National Nutrition Month Advice from Health and Wellness expert: Beth Bielat

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Joan Lunden

Aging Well / / March 20, 2014

Did you know that March is National Nutrition month? Our Health and Wellness expert, Beth Bielat has some advice on how to make changes to our daily routine and increase our nutrition intake.

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It's National Nutrition Month and a great time to take a look at your nutrition and well-being. Here are some helpful tips that (if you follow) will make you a little healthier, energetic and just might keep you living longer with a better quality of life....

Water - It is so important to drink lots of water, approximately eight 8-oz. glasses a day. I know we are all very busy during the day and we don't always remember to consume the necessary amount of water needed, but I came up with a new idea to help keep us remember to drink our water! I have been implementing this idea while down in Florida and it's been loads of fun and very successful - here is what you will need: Purchase 8 easy-to-get on bangle bracelets of your choice (We have used inexpensive plastic one's bought at a party store or retail store. At the start of the day, you put all eight bracelets on your left wrist. As you drink each glass of water, you switch a bangle to your right wrist. At the end of the day you should be "ALL RIGHT." It's amazing, fun, and a real talking piece. We have hundreds of people doing this at my club. Often times, members THINK they drink plenty of water, but it's a real eye-opener. You could become a health advocate just by sharing this with others!

Tweaking - (NOT twerking) Often times, making small changes in your diet can make a huge beneficial difference in the long run. Here's a few easy tweak's:

  • Eat Breakfast! - If you never skip breakfast, you're already on the road to better health. If you don't like "breakfast food," try things like soups, salads, or fruits. 
  • Eat Often! - Eating smaller portions every few hours is a great tweak. 
  • Eat lighter, later! - Try to eat heavy meals earlier in the day when you are more active, and end your days with a light dinner. Calories are meant to be used to energize you throughout the day, we really don't need a lot of calories sitting in our stomachs as we try to fall asleep at night. 

If you feel you have trouble over-eating or want to cut out some unnecessary calories try these:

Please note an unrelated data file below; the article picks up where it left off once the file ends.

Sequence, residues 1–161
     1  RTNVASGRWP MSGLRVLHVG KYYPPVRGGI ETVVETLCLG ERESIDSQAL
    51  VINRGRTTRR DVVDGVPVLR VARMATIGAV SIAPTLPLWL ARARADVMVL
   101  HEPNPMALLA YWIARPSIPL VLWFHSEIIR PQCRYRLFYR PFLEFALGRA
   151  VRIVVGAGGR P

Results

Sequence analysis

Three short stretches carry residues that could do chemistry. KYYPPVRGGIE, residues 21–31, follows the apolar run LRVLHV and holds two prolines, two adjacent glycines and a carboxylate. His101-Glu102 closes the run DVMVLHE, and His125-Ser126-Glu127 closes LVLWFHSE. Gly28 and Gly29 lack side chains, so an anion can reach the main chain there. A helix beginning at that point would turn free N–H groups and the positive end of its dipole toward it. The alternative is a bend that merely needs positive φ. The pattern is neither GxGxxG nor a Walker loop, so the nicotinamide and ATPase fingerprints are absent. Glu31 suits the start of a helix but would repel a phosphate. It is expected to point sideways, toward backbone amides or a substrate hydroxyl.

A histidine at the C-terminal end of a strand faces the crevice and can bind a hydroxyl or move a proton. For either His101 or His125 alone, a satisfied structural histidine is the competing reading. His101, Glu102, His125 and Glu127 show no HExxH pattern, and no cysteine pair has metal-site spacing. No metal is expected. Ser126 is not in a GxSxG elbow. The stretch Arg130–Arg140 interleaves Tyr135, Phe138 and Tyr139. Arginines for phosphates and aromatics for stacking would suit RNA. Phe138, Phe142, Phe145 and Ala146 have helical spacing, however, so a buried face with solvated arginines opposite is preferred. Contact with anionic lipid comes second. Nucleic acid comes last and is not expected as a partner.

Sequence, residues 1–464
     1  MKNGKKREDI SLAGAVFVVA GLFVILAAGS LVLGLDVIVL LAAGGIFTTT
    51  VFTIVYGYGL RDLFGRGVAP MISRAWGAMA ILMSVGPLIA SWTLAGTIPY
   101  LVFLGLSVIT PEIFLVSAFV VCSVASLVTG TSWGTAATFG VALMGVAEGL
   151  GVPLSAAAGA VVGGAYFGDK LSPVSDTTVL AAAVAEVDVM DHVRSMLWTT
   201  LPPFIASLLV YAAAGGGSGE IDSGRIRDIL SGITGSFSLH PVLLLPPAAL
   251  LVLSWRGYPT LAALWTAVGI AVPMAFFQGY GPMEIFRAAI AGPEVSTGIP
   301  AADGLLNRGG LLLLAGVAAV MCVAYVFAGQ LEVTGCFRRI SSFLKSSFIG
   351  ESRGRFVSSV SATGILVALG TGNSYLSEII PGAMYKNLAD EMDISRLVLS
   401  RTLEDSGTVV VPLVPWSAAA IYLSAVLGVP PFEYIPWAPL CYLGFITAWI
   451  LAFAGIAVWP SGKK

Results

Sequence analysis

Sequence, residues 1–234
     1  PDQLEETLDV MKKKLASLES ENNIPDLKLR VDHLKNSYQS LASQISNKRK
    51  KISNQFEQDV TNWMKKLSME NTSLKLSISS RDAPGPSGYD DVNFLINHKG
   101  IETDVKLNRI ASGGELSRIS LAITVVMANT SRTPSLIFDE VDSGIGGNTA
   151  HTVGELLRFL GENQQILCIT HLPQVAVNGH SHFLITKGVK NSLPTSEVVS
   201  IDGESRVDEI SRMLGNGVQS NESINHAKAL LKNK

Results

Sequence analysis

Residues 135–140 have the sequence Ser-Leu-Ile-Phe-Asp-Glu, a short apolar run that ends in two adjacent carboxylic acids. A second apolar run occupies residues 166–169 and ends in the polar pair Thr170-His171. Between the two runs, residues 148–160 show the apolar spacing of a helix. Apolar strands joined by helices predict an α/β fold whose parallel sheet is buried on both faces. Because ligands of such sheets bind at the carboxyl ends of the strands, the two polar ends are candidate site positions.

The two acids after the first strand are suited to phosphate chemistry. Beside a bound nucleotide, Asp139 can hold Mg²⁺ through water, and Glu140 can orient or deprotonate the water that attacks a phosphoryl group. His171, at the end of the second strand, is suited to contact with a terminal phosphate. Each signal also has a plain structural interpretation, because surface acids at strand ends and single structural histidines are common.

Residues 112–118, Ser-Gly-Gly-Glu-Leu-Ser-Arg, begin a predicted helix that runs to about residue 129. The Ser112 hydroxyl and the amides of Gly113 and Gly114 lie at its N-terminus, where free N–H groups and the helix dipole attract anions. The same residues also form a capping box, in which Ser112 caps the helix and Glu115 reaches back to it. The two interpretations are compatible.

• Eat a small meal before you go out to dinner or are attending a dinner party. You will feel less hungry, make better choices and if you drink alcohol, it won't go straight to your head.
  • A small salad before lunch and dinner. (It will keep you from over-eating your main course) 
  • Add fruits and vegetables to meals and snacks. (fruits and veggies should be served with ever meal)
  • Ask for the dressing on the side. 
  • Try salsa or humus as a salad dressing.

If you're trying to lose weight or just wanting to better your eating habits, try avoiding these:

  • Sugar
  • White flour
  • Crackers
  • Cookies
  • Chips and dips
  • Cheese
  • salad dressings with chemicals and hydrogenated oils
  • Soda and fruit juices
  • Fried foods
  • Processed foods
  • High Fructose Corn Syrup 

"You don't have to be a good cook" In my nutrition classes, I teach my clients food preparation. I always tell them that they do not have to be good cooks, just good choppers. Making chopping fun and easy, by having easy-to-get tools and having fresh foods on hand to make cooking a "no-brainer." When you shop, purchase lots of fresh fruits and vegetables and keep them ready in the fridge. I like to take a few hours on the weekend and prepare my snacks and meals for most of the week. This helps me stay on a healthy track and I spend a lot less time doing it. 

The New "Big One's" So the new war on nutrition is anti-sugar. Experts are linking many diseases with consumption of any type of processed sugar. Diseases such as Cancer, Alzheimer’s, Diabetes and Arthritis have all been connected. Another lifestyle that we are trying to change is Americas sedentary lifestyles and obesity. This struggle is considered just as important as our fight against cigarette smoking and will continue to plague our society until Americans switch their daily routines with healthier practices. STAY ACTIVE.

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Categories: Fitness, Health, Healthy Living
About The Author
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Joan Lunden truly exemplifies today’s modern working woman. An award-winning journalist, bestselling author, motivational speaker, successful entrepreneur, one of America’s most recognized and trusted television personalities, this mom of seven continues to do it all. As host of Good Morning America for nearly two decades, Lunden brought insight to top issues for millions of Americans each day. The longest running host ever on early morning television, Lunden reported from 26 countries, covered 4 presidents and 5 Olympics and kept Americans up to date on how to care for their homes, their families and themselves.

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